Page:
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PEARSON Function

An Excel Statistical function used to calculate the Pearson Correlation Coefficient represented by r.

## What is the PEARSON Function?

The Pearson function is an Excel Statistical function used to calculate the Pearson correlation coefficient represented by r. It measures the correlation between two variables defined by continuous data from a random population.

The correlation coefficient is derived from the Pearson correlation test, which determines the direction and strength of the variables. The output is in the range of -1 to 1, indicating the strength of the association.

## Key Takeaways

- The PEARSON function is used to determine the strength and direction of the linear relationship between two variables. It returns a value between -1 and 1, indicating the degree of correlation.
- The PEARSON function calculates the correlation coefficient, which indicates how changes in one variable are associated with changes in another variable.
- A value of 1 indicates a perfect positive linear correlation, -1 indicates a perfect negative linear correlation, and 0 indicates no linear correlation.
- The PEARSON function only measures linear correlation. It does not account for non-linear relationships between variables.

**What is the Pearson correlation test?**

It determines the direction and strength of two variables and gives the output as a Pearson correlation coefficient. If the value of r is -1, it represents a perfect negative correlation, while a value of +1 represents a perfect positive correlation.

If the value is zero, there is no association between the two variables.

In practice, it is not easy to see a perfect correlation, i.e., get the r value as either -1 or +1.

When you calculate the value, the result you will usually get is the decimal value between the upper and lower limit of the coefficient (i.e., it will always range from -1 to 1).

To understand it better, let’s look at an example of a correlation test. Assume four people from a random population have age(x) and income(y) as two different variables. The table looks as below:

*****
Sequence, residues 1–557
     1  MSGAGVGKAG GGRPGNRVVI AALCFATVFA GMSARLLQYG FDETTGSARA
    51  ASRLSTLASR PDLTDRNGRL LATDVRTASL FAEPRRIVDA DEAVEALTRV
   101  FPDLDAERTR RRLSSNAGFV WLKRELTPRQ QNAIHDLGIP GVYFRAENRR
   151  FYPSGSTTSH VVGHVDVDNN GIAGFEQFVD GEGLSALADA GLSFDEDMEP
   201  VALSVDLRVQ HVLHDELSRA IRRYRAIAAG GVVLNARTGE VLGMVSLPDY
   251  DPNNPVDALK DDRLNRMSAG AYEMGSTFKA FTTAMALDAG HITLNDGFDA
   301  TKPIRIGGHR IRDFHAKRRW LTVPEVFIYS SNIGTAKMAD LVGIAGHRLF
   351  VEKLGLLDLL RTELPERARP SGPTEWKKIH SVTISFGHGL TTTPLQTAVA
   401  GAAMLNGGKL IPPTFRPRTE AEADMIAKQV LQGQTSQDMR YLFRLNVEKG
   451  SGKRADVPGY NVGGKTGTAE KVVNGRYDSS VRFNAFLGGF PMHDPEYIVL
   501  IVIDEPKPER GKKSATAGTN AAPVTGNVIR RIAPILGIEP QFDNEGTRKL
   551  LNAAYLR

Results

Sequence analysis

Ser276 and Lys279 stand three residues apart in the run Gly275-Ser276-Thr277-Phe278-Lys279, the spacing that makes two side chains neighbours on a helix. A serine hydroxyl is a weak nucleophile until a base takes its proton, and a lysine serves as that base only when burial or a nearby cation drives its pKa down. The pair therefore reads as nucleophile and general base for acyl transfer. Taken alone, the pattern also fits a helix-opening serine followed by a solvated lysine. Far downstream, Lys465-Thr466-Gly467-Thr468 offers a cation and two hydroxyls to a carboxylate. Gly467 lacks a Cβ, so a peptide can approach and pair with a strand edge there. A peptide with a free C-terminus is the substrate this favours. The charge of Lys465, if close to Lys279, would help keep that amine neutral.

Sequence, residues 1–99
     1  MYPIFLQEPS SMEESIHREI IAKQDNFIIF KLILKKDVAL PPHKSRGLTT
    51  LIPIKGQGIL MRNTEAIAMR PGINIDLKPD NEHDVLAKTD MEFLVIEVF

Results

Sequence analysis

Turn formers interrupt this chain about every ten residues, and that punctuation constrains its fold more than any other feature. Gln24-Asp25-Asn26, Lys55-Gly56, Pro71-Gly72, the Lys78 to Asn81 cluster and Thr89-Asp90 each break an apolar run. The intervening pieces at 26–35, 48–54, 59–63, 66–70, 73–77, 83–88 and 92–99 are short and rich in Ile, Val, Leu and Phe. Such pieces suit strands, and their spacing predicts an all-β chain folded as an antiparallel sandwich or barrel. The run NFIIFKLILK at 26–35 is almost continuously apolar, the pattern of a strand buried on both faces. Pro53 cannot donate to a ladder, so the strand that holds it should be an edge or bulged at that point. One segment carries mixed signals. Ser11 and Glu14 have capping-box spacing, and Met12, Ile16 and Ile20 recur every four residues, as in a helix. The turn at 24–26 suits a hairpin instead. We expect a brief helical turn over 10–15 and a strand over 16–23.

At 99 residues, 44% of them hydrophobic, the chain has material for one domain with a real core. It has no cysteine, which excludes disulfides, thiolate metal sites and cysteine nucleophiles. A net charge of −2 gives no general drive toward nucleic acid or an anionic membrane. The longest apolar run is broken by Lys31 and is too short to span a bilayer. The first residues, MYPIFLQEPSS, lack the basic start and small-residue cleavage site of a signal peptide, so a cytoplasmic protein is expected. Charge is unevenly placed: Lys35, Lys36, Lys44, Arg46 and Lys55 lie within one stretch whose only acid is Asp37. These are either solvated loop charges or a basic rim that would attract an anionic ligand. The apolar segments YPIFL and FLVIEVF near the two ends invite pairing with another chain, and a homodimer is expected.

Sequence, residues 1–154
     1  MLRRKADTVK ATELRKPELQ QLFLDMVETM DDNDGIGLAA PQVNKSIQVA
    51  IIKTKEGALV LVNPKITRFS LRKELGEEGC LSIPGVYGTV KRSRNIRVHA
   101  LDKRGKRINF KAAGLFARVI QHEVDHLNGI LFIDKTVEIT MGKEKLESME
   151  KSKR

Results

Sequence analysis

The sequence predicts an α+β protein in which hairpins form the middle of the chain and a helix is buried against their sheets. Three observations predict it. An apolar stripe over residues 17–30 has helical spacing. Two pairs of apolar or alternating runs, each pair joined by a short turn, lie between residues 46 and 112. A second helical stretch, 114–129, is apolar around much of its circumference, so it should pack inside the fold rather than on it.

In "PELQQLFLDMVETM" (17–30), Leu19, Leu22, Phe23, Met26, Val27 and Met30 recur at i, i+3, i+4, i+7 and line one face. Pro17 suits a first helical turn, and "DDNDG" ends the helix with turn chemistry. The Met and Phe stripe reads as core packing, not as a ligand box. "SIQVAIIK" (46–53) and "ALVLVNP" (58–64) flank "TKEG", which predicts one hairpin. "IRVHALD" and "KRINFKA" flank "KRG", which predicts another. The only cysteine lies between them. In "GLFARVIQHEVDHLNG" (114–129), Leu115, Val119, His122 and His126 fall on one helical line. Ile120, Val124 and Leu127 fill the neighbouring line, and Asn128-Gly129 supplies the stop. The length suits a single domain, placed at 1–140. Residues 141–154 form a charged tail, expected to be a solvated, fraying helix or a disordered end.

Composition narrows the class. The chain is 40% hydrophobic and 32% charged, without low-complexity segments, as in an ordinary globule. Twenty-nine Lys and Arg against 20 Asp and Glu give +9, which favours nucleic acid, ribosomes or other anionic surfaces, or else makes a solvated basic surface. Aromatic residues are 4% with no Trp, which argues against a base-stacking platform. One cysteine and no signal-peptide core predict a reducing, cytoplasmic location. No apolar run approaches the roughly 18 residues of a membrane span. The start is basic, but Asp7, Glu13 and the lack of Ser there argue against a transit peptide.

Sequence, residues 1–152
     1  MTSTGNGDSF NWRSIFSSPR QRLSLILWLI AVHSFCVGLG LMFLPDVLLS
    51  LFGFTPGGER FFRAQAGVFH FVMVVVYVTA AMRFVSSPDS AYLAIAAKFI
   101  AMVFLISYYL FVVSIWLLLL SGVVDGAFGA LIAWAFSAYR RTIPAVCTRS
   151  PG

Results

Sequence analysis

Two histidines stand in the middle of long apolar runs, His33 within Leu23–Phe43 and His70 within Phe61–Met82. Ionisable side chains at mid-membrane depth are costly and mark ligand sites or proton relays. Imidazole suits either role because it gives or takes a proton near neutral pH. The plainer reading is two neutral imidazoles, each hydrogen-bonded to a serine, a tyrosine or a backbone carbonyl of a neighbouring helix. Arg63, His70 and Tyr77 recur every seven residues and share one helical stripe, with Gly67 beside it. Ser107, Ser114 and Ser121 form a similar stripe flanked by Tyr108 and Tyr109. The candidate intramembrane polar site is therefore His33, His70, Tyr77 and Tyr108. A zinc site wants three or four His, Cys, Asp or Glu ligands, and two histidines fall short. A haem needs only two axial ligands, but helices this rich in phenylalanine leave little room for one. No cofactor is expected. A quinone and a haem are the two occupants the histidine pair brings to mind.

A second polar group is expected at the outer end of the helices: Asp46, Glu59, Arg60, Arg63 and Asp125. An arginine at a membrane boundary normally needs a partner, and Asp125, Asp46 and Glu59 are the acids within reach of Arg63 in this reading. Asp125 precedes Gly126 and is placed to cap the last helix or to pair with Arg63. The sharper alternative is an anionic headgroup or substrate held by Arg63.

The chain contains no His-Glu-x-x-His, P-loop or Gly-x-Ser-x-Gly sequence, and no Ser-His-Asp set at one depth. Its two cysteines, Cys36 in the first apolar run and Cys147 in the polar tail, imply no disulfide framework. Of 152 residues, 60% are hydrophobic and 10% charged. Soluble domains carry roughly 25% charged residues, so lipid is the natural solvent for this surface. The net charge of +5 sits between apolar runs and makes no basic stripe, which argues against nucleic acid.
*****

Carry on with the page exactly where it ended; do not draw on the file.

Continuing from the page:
Name | Age(x) | Income(y) |
---|---|---|

Jamie | 26 | 2800 |

Jonathan | 44 | 3400 |

Jacob | 32 | 3000 |

Nathan | 28 | 3000 |

By representing their age on the X-axis and income on the Y-axis, our scatter plot will look as follows:

As you can see, our scatter plot is almost linear (linear means a straight line can be drawn through it). So if we draw a straight line through the data, the linear relationship between the data will look as:

This linear relationship is known as the correlation between the variables.

### Pearson Correlation Coefficient (r)

One of the outputs returned by performing the correlation test is the correlation coefficient (*r*). The value of *r* signifies two essential traits of the correlation:

- The direction of the correlation
- Strength of the correlation

For our data of four people from a random population having age (x) and income (y) as two different variables, the correlation coefficient (r) is 0.969. Since the value of r is positive and close to +1, it defines a positive correlation between the two variables.

If the value of r was negative and towards -1, it defines a negative correlation between the two variables. But that concludes the direction factor of the correlation of the variables.

What about strength? The closer the value of *r* to either -1 or +1, the stronger the correlation between the values. On the other hand, the closer to 0, the value of *r, *the lower the correlation.

Assume that our data consist of the same age but different income values as below:

Name | Age(x) | Income(y) |
---|---|---|

Jamie | 26 | 1800 |

Jonathan | 44 | 1200 |

Jacob | 32 | 1500 |

Nathan | 28 | 1700 |

The scatter plot for the data would look as below:

Do you notice a linear relationship between the data but is in a downward direction?

This represents the negative correlation between the two variables, i.e., the value of the correlation coefficient is inclined towards -1. When we calculate the value of r for this data, we get the result of -0.984.

## Note

The closer the data points are toward the linear relationship, the stronger the correlation between the two values.

As we have represented how the negative and positive correlation looks on a scatter plot, it’s only fair we show what the scatter plot should look like when the correlation coefficient value is near 0.

Assume the data below with different income values:

Name | Age(x) | Income(y) |
---|---|---|

Jamie | 26 | 3500 |

Jonathan | 44 | 2000 |

Jacob | 32 | 2500 |

Nathan | 28 | 500 |

The scatter plot for the data would look as below:

The data shows no linearity (we can't draw a straight line through all the points) and is random in all likelihood. When we calculate the data's correlation coefficient (r), we get the result of -0.107. The value of r does not have any units.

Getting the coefficient values as -1, +1, or 0 is practically difficult. However, as the values returned are in decimals, you can interpret them by applying specific cutoffs to the values to describe the strength of the correlation coefficients(r).

For example, if the value falls between 0.00 - and 0.10, it represents no correlation, while a value between 0.90-1.00 indicates a powerful correlation between the variables.